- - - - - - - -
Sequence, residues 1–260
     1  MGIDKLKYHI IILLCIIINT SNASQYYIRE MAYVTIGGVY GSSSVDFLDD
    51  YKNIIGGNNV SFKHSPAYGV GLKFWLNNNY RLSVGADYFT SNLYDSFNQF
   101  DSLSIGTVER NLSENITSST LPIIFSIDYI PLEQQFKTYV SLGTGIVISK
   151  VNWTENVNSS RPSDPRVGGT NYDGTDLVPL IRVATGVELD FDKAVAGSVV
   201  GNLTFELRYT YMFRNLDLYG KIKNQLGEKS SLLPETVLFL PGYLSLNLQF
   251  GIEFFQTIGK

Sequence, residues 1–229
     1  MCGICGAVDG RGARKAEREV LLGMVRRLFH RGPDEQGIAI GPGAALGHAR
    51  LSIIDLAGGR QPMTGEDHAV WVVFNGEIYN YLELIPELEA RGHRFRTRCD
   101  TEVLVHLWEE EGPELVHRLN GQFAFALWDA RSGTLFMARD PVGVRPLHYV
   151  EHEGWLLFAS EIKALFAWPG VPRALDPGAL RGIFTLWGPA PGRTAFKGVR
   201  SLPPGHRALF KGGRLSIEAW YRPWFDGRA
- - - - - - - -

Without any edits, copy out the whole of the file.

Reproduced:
Sequence, residues 1–260
     1  MGIDKLKYHI IILLCIIINT SNASQYYIRE MAYVTIGGVY GSSSVDFLDD
    51  YKNIIGGNNV SFKHSPAYGV GLKFWLNNNY RLSVGADYFT SNLYDSFNQF
   101  DSLSIGTVER NLSENITSST LPIIFSIDYI PLEQQFKTYV SLGTGIVISK
   151  VNWTENVNSS RPSDPRVGGT NYDGTDLVPL IRVATGVELD FDKAVAGSVV
   201  GNLTFELRYT YMFRNLDLYG KIKNQLGEKS SLLPETVLFL PGYLSLNLQF
   251  GIEFFQTIGK

Sequence, residues 1–229
     1  MCGICGAVDG RGARKAEREV LLGMVRRLFH RGPDEQGIAI GPGAALGHAR
    51  LSIIDLAGGR QPMTGEDHAV WVVFNGEIYN YLELIPELEA RGHRFRTRCD
   101  TEVLVHLWEE EGPELVHRLN GQFAFALWDA RSGTLFMARD PVGVRPLHYV
   151  EHEGWLLFAS EIKALFAWPG VPRALDPGAL RGIFTLWGPA PGRTAFKGVR
   201  SLPPGHRALF KGGRLSIEAW YRPWFDGRA